CORD, a non-governmental organization, is committed to promoting cooperation between rare diseases patients, medical professionals, pharmaceutical companies and government departments. It also works on strengthening public understanding of rare diseases, improving access to medication to treat rare diseases and promoting policies.

Huang said the policy will surely attract more attention to rare diseases, and he expects more policies to be introduced following these initial steps.

On February 15, the National Health Commission (NHC) announced the establishment of a national cooperation network for the diagnosis and treatment of rare diseases to improve the diagnosis, treatment and management of rare diseases. 

Led by the Chinese Academy of Medical Sciences and Peking Union Medical College, 324 hospitals nationwide which specialize in rare diseases will be involved in the network. 

"Orphan drugs should be given priority for examination and approval, and effective drugs should be recommended for sale both in China and overseas simultaneously," Jiao Hong, head of the National Medical Products Administration told China Youth Online on March 7.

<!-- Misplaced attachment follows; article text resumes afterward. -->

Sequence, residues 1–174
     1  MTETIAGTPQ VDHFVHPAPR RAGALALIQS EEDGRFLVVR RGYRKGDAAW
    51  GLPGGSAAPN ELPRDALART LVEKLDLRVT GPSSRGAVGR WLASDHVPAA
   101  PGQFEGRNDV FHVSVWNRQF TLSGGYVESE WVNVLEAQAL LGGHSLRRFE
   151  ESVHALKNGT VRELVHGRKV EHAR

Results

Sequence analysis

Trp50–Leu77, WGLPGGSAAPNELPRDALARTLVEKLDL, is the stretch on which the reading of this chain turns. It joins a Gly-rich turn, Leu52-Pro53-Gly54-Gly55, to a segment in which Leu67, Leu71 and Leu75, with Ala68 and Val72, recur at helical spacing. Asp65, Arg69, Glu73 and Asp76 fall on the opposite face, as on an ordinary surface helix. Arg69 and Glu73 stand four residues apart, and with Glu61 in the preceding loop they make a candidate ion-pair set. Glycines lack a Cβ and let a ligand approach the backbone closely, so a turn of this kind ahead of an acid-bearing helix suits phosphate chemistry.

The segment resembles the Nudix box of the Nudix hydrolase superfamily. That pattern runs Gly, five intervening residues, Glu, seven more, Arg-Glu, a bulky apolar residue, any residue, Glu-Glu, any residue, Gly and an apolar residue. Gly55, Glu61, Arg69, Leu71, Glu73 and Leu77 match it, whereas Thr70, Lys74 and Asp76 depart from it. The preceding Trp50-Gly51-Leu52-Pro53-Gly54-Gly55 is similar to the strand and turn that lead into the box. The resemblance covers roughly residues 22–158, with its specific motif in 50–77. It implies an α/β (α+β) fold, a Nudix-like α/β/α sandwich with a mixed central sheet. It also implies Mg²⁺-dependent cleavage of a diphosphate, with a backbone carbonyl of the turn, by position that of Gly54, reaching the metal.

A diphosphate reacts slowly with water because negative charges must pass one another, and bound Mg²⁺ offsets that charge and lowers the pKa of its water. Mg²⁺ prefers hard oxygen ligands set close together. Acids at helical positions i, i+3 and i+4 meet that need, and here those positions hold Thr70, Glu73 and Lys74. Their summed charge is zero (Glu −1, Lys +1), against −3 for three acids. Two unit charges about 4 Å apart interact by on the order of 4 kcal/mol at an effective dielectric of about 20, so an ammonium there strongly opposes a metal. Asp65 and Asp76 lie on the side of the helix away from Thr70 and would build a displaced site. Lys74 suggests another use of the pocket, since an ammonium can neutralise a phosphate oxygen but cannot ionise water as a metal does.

"The market price of drugs depends on the selling price of pharmaceutical enterprises, import tariffs and the profits of drug distributors. The VAT reduction policy actually benefits pharmaceutical enterprises directly. At present, it is hard to say how much cheaper it will be for patients," Huang said.

These new measures are the latest in a series of policies rolled out in the past few years to help those suffering from rare diseases. 

In December 2016, China included orphan drugs into the medical reform plan under the 13th Five-Year Plan (2016-20).

The NHC and four other departments launched the first catalogue of 121 rare diseases in China on May 11, 2018. The catalogue contains the first official definition of rare diseases in China and brought hope to patients, their families and clinicians. 

"Following the drug regulatory reform launched since 2015, there is a substantive change for the government to speed up the review and approval process of new drugs. Take the orphan drugs as an example, it used to take several years for review and approval, but now it takes a few months only" Chang Jianqing, vice president of Drug Regulatory Policy at Tigermed, told the Global Times.